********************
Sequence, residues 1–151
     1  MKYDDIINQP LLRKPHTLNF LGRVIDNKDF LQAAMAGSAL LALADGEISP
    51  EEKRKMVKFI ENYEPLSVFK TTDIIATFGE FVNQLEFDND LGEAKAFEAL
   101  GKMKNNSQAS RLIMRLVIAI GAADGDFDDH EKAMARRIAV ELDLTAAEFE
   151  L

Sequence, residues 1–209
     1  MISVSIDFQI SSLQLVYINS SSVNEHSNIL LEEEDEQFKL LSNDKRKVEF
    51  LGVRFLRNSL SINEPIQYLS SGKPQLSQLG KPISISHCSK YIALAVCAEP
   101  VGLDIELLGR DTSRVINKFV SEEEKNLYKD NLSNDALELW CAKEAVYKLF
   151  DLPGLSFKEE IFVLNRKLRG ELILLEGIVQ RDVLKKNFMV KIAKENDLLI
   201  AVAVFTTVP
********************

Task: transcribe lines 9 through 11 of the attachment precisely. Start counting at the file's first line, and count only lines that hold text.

   101  VGLDIELLGR DTSRVINKFV SEEEKNLYKD NLSNDALELW CAKEAVYKLF
   151  DLPGLSFKEE IFVLNRKLRG ELILLEGIVQ RDVLKKNFMV KIAKENDLLI
   201  AVAVFTTVP